Traveling with a margin of safety

We are ultimately trying to buy a dollar for fifty cents. That’s essentially all value investing is. Readers of this blog will know that we also require that “dollar” to be a high-quality business with attractive future prospects. We think Travelers (NYSE: TRV), the US-based commercial insurer, is indeed one of these businesses. And we think we’ve bought Travelers with a significant margin of safety.

The term “margin of safety” simply refers to the extent of the discount below intrinsic value you are able to buy a business. Buying a business worth $1 billion for $700 million would give you a 30 percent margin of safety. One view of margin of safety relates to how much upside there could be from your investment. While this is valid, we believe the more important view relates to how much downside is protected in the scenario that your assessment of intrinsic value is wrong.

Any assessment of intrinsic value for any business involves a set of expectations for future key value drivers. These include things like revenue growth expectations, margin expectations, capital requirements, etcetera. Given that predicting the future accurately and sustainably is impossible, there is always the effective certainty that your assessment of intrinsic value will be wrong. This won’t be a problem as long as you buy with a significant margin of safety. The goal is such that, even if your assessment of intrinsic value is inadvertently optimistic, your investment loss will be minimized.

In the case of Travelers, we were able to buy the business at a price that effectively implied two things: (i) no growth in premiums for the rest of time; and (ii) no increase in interest rates for the rest of time. Remember, as interest rates rise, so too do the returns achieved on the insurance float which can be a significant driver of income for insurers.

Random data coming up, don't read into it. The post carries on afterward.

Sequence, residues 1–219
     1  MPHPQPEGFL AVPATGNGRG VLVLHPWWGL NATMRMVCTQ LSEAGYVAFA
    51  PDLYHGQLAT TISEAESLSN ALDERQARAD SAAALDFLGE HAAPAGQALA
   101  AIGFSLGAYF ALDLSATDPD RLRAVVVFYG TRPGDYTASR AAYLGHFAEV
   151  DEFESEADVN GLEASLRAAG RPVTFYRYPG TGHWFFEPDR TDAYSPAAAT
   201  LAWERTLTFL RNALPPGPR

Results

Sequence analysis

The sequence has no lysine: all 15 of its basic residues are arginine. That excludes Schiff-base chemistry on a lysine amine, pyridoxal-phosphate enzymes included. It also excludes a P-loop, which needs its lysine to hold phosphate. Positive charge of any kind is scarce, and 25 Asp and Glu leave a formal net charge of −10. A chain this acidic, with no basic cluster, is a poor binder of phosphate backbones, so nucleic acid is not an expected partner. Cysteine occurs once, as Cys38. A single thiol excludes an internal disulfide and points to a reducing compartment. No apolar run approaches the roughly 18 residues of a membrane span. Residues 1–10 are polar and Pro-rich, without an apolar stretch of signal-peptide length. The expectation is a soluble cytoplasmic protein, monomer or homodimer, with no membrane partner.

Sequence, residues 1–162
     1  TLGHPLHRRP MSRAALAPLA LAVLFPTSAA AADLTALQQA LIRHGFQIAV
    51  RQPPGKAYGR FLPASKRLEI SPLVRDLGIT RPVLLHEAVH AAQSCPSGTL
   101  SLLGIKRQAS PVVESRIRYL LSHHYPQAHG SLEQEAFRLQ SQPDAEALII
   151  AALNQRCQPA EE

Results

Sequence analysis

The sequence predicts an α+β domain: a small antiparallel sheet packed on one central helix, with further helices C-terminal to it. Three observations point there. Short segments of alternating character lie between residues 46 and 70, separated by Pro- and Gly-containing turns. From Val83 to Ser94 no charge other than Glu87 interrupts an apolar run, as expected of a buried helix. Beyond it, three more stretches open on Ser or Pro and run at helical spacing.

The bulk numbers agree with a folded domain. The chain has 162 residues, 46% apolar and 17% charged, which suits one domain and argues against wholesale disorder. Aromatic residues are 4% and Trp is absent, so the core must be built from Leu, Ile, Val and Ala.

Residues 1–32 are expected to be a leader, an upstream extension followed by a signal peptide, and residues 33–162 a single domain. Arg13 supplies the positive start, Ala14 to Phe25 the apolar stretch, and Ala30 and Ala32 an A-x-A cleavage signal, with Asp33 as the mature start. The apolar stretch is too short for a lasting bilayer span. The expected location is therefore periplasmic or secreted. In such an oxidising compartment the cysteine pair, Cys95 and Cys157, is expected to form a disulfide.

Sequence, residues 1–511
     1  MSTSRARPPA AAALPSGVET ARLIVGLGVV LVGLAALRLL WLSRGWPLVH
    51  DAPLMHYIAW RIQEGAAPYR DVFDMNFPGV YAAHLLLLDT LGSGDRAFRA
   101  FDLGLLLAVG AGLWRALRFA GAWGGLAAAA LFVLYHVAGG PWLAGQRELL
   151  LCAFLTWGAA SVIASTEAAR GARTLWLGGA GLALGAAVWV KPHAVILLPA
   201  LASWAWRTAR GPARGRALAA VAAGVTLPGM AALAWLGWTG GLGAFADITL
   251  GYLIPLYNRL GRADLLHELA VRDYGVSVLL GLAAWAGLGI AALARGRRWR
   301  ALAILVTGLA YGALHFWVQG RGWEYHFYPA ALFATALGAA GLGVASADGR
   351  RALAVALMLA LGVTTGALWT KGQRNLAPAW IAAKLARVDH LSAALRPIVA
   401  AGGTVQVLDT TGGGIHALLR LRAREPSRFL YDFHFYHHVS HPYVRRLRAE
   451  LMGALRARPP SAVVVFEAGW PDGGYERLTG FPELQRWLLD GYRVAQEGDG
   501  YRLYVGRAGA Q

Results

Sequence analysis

Now, in our minds, both of these market-implied expectations are way too conservative. Over the long-term, commercial insurance premiums will likely grow with the economy; and interest rates, well, they certainly can’t get much lower and have already started to rise in the US.

A corollary of the above is that: we have bought Travelers with a significant margin of safety. For even if we are wrong, and premiums and interest rates never rise, we still won’t lose money. The potential for upside with limited potential for downside is where we want to be.

Quarter by quarter, Travelers delivers very stable, high quality results. As we have seen in the company’s most recent results filed last week: even in the face of falling commercial property and casualty premium rates, Travelers is able to offset these declines with reduced risk insured. Operationally, Travelers is also best in class. Given its scale and intelligent use of customer data, Travelers has been able to continually increase customer retention. And capital returns remain the top priority for management: 100% of earnings are returned to shareholders in the form of dividends and share buy-backs.

In a business as stable as commercial insurance, a large-scale, diversified player like Travelers that can be bought at a price in the marketplace well below any sensible estimate of intrinsic value is highly attractive, in our view. It may not be as “hot” as a Google or a Facebook right now, but it will continue to deliver quietly with limited downside for a very long time to come.

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Andrew Macken is a Portfolio Manager with Montgomery Global Investment Management. To learn more about Montaka, please call +612 7202 0100.